This amorality stems from his desire to avenge the “rank and gross[ly]” (Shakespeare, 29) cruel actions of his uncle, the King Claudius. In the end however, both Hamlet and Claudius die with little pomp, victims of each other in a cyclical stream of karma. Shakespeare uses this eventuality to denounce the use of cruelty as a means to an end, for it brings nought but meaningless death. The fact that Hamlet becomes so cruel specifically because of Claudius’ treachery is a testament to the relationship between oppressor and oppressed. As Hamlet becomes that which he once hated, Shakespeare emphasizes the fact that the line between victim and oppressor is often more blurred than defined.
Hamlet repeatedly acknowledges his faults, most precisely to her. In conversation, he tells Ophelia how he is guilty of such terrible things that he shouldn’t have been born, and that he proud, revengeful, and ambitious (3.1.132-135). Hamlet is fully telling her his faults and that, while being scathing towards her, he is no better. Even after her death, he continues to express his flaws around her presence. This is seen at her funeral, for which he says to her brother, Laertes, “For though I am splenitive and rash, I have in me something dangerous, which let thy wisdom fear,” (5.1.275-276).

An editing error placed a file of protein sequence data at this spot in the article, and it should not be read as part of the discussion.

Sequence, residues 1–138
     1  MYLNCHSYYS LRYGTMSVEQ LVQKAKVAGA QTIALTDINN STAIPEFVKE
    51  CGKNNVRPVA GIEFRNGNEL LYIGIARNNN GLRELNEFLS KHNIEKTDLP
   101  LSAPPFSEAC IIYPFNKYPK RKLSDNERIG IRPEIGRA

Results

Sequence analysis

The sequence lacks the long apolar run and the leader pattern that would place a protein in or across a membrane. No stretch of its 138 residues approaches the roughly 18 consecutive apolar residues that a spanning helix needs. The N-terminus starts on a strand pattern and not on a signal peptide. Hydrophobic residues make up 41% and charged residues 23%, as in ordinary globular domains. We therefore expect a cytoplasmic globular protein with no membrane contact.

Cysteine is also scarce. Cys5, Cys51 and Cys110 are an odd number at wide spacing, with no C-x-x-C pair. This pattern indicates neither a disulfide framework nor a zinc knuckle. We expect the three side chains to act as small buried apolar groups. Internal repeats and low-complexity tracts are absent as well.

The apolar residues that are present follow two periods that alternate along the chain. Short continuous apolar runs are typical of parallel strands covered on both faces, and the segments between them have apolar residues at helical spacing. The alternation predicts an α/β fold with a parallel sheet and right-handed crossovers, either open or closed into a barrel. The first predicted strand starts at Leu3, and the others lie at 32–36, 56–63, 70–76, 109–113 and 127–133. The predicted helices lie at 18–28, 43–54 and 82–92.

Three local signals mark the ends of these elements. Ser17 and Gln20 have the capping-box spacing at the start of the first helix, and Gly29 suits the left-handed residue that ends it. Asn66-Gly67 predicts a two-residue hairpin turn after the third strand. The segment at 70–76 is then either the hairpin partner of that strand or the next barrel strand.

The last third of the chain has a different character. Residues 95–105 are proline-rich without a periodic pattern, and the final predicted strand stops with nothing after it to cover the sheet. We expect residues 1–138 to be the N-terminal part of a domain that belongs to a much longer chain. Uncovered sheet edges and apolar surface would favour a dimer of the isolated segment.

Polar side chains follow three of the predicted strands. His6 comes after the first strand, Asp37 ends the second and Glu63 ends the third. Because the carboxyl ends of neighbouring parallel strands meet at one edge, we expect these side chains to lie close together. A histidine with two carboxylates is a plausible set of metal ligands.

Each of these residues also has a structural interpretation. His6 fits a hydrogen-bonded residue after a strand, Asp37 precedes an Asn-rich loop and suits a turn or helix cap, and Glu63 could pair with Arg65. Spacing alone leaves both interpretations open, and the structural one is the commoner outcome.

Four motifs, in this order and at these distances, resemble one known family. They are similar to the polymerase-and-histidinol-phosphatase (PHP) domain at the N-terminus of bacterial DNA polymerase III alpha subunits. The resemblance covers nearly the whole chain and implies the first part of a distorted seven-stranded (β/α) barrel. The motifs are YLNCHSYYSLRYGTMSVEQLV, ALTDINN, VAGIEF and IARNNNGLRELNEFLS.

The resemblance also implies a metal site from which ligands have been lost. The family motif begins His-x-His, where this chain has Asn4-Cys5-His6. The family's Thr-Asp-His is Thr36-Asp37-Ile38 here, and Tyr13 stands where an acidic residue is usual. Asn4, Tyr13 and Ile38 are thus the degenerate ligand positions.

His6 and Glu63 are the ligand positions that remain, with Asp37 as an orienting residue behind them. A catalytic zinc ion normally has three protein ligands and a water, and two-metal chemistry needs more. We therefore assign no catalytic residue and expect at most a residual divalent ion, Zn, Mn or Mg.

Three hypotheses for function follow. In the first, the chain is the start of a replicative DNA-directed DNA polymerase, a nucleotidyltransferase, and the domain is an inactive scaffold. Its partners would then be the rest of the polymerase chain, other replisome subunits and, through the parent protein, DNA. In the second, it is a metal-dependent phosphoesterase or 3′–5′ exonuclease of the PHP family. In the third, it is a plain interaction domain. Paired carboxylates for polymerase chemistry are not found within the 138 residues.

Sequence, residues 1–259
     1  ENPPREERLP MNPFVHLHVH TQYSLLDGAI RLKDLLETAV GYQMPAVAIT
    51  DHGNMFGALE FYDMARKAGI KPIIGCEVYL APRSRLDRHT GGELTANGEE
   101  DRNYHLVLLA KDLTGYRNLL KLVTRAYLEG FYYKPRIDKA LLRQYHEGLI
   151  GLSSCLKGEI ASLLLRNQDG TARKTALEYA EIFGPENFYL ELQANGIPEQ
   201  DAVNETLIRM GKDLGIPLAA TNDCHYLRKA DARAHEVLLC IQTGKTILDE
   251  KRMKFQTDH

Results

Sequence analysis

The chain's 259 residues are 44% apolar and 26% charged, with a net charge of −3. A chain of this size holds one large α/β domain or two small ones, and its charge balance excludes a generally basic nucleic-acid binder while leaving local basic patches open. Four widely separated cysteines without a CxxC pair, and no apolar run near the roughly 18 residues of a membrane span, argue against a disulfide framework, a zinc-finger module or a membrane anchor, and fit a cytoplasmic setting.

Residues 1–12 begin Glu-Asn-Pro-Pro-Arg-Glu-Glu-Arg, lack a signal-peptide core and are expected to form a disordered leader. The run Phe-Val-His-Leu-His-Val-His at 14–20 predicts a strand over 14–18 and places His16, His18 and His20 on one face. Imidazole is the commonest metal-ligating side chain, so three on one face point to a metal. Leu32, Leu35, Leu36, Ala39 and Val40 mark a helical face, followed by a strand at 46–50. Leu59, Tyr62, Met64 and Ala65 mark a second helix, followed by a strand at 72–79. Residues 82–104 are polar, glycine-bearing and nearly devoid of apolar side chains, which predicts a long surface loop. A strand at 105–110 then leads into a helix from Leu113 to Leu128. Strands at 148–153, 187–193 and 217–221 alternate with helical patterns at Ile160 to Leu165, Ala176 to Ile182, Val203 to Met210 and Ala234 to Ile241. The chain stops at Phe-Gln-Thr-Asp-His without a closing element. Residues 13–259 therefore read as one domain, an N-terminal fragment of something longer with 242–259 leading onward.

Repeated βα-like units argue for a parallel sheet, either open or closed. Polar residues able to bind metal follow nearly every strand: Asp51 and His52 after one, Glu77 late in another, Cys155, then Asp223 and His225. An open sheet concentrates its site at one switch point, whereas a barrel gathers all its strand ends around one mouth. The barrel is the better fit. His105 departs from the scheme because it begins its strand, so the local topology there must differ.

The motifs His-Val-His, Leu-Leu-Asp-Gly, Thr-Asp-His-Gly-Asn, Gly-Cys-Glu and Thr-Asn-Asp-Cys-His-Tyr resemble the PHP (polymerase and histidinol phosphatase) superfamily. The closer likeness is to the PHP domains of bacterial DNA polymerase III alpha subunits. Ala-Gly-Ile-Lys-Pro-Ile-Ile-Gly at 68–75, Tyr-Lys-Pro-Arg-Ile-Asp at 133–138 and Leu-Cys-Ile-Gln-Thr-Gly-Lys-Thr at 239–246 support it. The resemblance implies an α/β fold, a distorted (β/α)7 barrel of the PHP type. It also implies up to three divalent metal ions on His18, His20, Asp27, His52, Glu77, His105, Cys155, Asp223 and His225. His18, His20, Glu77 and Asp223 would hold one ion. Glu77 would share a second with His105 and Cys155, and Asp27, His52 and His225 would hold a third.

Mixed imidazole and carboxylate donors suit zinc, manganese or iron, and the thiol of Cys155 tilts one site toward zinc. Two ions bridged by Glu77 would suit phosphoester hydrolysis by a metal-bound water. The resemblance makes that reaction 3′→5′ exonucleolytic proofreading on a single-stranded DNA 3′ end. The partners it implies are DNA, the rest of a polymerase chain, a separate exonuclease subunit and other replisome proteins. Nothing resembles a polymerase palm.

Have you ever been wronged by someone so badly that you felt as though revenge was needed? Perhaps your best friend stole the woman you loved, so you felt that you needed to act and do something to get back at him. Maybe you destroy his life by starting a false rumor about him, or you get in a fight with him and humiliate him. This is just one common example of “revenge” in our everyday lives. In the play Hamlet, written by William Shakespeare, there are much more serious things going on, involving death, murder, and wars between nations.